Dance Your Ass Off Offers Plus-Sized Dignity

Last night was the season finale of Dance Your Ass Off on Oxygen, in which the incredibly svelte Ruben walked away with the $100,000 prize and a spot on the first Dance Your Ass Off workout video. Money in the bank, 60 pounds lighter, and the chance to wear a spangled bolero jacket on national television—happy times, indeed!

As the season wraps up, it's interesting to step back for a minute take a look at the cultural significance of the show as a whole. As has been commented upon everywhere from CNN to the Washington Post, this year has seen the explosion of "plus-sized" reality TV, which basically consists of existing reality TV concepts re-jiggered for big-boned contestants. (More to Love. Whew.) Is this trend the world's biggest fat joke, or a welcome acknowledgment that Americans come in all shapes and sizes?

In early episodes of Dance Your Ass Off, the verdict appeared murky. The show was like The Biggest Loser, but with the special indignities of wearing silly, revealing spandex costumes. Remember the embarrassing pole-dancing theme of episode 3? Eww, didn't need to see that. Dance Your Ass Off seemed to be goading viewers to laugh, "Look at those fools —they'll do anything to lose weight!" But then a surprising thing happened. The dancers were good. They showed genuine stage presence. They appeared to actually enjoy themselves out there. Watching Shayla grind to Flo Rida's "Low" in episode 5, while wearing tight jeans cutoffs, showed how sexy a full-figured woman could be. When the song trilled "give that big booty a smack," and Shayla's dance partner obliged accordingly, women all over America were envious. That big booty looked good.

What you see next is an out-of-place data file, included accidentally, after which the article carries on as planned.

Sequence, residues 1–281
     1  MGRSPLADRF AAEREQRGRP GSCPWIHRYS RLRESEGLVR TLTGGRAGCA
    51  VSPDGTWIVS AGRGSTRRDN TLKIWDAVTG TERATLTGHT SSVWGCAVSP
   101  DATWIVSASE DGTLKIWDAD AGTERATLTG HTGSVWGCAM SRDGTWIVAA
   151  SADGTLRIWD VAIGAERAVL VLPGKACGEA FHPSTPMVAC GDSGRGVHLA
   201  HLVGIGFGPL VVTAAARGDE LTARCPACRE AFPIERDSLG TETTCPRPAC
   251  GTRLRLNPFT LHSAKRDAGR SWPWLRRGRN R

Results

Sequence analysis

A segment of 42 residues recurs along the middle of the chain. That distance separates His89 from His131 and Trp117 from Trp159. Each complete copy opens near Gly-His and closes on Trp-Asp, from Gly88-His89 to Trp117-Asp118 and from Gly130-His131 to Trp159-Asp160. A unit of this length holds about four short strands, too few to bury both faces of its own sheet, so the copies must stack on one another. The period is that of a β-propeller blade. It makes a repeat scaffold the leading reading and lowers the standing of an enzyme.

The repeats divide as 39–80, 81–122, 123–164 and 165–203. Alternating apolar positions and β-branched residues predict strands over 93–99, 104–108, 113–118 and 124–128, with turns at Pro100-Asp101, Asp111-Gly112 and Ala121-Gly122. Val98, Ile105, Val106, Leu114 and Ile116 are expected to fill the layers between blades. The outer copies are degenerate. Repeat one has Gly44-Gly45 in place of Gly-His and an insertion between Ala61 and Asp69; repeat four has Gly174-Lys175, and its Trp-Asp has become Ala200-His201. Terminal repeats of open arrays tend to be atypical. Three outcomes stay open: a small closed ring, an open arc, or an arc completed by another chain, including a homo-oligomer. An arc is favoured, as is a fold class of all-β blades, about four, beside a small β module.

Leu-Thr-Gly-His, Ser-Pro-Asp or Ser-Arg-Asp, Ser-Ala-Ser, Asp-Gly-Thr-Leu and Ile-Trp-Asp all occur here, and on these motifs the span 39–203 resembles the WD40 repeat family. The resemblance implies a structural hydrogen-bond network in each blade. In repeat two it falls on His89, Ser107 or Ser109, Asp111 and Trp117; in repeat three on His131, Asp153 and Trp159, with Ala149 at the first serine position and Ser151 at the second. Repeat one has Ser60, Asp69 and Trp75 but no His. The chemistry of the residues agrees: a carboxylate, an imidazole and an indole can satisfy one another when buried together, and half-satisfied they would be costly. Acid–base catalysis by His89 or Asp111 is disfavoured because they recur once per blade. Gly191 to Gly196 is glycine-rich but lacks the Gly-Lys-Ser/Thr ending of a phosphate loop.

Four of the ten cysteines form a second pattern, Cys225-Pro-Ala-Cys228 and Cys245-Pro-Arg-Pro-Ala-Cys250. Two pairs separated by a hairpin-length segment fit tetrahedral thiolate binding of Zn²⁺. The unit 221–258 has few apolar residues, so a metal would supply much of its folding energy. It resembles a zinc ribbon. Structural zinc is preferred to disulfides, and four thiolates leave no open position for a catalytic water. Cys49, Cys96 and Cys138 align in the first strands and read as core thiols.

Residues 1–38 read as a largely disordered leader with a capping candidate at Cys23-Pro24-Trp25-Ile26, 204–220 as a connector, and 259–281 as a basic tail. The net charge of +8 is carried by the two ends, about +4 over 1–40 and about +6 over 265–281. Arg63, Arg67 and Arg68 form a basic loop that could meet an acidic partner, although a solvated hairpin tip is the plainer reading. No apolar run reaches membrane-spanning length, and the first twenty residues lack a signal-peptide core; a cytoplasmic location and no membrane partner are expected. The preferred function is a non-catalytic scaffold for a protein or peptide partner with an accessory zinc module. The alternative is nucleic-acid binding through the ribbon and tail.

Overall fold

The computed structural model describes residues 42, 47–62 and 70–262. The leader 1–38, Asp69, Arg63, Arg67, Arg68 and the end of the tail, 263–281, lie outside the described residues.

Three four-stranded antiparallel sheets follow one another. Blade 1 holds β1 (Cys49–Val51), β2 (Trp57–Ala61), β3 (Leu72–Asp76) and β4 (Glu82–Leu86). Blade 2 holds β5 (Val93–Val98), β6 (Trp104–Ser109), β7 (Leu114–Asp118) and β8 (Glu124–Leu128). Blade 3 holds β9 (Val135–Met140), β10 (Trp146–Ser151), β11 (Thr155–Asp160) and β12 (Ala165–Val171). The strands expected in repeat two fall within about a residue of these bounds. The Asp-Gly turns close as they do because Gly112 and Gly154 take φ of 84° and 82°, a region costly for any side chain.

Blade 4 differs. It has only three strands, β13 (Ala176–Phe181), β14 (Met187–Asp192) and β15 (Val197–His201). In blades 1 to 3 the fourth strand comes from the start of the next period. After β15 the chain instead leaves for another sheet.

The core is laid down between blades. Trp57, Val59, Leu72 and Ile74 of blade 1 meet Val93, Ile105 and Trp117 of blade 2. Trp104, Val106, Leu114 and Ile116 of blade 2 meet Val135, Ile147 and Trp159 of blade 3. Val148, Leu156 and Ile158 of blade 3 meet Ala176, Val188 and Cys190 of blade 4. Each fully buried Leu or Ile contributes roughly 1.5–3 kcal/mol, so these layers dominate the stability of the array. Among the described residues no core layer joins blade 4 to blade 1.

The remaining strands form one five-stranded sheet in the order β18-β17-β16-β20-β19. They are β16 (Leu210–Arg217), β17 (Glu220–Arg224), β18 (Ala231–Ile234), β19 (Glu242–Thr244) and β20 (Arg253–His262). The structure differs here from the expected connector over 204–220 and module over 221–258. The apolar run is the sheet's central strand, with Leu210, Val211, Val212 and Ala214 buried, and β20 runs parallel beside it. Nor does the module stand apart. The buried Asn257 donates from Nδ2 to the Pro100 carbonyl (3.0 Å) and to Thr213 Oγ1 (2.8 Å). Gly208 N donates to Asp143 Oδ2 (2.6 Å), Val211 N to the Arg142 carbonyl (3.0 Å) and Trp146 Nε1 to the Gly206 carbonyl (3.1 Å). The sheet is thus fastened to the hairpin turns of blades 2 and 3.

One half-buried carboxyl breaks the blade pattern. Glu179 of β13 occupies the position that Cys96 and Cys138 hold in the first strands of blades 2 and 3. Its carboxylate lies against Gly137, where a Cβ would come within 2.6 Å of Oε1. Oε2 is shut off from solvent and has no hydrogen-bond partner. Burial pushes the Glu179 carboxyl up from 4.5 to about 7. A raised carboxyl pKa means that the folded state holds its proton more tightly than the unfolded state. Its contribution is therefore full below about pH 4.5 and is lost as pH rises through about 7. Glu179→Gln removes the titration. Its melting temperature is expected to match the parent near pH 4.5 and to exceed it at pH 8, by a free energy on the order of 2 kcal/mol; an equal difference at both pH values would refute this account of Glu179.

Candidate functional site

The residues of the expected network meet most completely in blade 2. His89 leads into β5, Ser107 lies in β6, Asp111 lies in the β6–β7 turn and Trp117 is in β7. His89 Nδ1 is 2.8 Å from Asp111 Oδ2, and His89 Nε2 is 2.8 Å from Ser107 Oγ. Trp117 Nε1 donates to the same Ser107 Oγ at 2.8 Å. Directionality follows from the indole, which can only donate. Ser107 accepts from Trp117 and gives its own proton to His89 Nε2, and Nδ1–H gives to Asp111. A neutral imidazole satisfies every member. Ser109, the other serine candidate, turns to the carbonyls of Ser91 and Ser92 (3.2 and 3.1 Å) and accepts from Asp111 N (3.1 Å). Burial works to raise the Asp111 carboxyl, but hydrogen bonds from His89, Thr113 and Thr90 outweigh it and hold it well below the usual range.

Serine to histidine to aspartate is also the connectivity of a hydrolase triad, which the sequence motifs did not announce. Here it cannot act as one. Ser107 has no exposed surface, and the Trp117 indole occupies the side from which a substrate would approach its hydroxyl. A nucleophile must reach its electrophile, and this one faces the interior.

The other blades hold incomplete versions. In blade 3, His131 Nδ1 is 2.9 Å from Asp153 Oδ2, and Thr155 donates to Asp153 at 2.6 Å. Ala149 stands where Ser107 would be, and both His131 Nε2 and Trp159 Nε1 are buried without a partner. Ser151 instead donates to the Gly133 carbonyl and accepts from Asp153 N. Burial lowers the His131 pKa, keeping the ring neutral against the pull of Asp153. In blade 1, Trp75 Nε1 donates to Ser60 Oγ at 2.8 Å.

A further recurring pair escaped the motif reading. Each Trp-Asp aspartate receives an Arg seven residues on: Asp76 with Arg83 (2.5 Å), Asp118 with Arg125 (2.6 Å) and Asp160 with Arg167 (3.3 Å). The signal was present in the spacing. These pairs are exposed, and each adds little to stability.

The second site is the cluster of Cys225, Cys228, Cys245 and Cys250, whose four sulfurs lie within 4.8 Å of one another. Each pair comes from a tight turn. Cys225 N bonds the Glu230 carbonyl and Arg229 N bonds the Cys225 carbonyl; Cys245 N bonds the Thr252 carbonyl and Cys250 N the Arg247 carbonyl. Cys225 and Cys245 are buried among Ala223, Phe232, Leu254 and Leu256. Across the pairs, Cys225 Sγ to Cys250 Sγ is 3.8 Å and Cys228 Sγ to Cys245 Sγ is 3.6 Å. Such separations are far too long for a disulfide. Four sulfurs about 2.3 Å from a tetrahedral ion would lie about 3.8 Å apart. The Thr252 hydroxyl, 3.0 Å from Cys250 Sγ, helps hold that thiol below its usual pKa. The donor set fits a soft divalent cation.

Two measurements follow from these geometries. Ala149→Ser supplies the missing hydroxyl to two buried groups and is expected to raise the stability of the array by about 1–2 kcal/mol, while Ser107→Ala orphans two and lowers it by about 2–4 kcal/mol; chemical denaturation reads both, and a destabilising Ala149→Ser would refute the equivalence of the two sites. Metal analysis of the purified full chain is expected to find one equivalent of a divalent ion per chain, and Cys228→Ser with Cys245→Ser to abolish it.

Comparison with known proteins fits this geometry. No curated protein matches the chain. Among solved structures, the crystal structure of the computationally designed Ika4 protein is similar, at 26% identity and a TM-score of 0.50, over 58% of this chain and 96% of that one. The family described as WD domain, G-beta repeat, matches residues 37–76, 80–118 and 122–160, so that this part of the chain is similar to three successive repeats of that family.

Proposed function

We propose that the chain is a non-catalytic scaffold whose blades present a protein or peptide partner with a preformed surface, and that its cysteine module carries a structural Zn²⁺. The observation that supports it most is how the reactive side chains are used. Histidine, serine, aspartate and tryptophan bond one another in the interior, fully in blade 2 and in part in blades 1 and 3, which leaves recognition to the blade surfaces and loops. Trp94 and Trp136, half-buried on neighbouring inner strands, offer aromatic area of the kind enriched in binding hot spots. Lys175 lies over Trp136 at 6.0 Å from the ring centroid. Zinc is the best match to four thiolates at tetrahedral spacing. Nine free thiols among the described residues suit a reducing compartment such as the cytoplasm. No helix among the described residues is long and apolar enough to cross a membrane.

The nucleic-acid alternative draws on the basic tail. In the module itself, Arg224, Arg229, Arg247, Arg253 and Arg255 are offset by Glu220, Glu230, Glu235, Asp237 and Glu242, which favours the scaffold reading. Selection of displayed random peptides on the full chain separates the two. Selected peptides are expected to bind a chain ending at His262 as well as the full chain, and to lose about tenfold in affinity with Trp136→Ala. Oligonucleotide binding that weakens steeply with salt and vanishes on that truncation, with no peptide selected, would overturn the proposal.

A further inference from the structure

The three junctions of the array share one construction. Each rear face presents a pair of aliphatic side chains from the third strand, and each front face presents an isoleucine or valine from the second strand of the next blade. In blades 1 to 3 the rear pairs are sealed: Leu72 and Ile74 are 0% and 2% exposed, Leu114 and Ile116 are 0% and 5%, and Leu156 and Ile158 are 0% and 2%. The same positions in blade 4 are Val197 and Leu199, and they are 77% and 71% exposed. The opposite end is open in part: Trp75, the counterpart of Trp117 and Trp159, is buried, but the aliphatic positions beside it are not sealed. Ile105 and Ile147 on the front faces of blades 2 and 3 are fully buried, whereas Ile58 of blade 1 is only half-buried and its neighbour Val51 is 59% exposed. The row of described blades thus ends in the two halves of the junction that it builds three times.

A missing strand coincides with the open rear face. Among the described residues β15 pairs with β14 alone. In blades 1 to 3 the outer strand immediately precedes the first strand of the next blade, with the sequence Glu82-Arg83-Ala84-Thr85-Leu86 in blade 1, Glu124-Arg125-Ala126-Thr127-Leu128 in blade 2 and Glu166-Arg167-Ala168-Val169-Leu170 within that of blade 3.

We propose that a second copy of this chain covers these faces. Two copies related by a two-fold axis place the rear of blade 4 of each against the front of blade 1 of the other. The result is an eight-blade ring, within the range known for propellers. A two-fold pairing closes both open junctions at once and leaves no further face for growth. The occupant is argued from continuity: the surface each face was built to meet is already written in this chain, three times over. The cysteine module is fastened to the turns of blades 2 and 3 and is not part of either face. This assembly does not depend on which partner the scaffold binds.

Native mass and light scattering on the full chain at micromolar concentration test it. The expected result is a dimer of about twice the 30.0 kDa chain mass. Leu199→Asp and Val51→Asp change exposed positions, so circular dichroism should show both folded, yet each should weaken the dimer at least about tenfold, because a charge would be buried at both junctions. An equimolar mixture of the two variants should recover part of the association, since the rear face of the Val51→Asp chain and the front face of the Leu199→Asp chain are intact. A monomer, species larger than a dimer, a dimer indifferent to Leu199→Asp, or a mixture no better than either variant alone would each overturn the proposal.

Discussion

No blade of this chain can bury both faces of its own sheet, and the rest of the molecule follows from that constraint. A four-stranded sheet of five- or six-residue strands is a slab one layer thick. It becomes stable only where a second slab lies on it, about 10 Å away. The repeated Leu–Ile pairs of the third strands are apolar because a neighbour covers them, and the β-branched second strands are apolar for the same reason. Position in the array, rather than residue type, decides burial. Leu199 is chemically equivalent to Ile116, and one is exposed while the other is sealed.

Although Ruben's extreme weight loss contributed to his win last night, the enjoyable part of Dance Your Ass Off is only partially about watching contestants slim down. It's also about watching regular people, who run the spectrum from obese to pleasantly plump, assert themselves beyond the arena of weight. These guys had talent. They weren’t overweight people trying to dance, but dancers trying to lose weight. For once, they could be defined by their moves, not by a number on a scale. Getting in shape was the cherry on top! Ah, finally a reality show with some real priorities.

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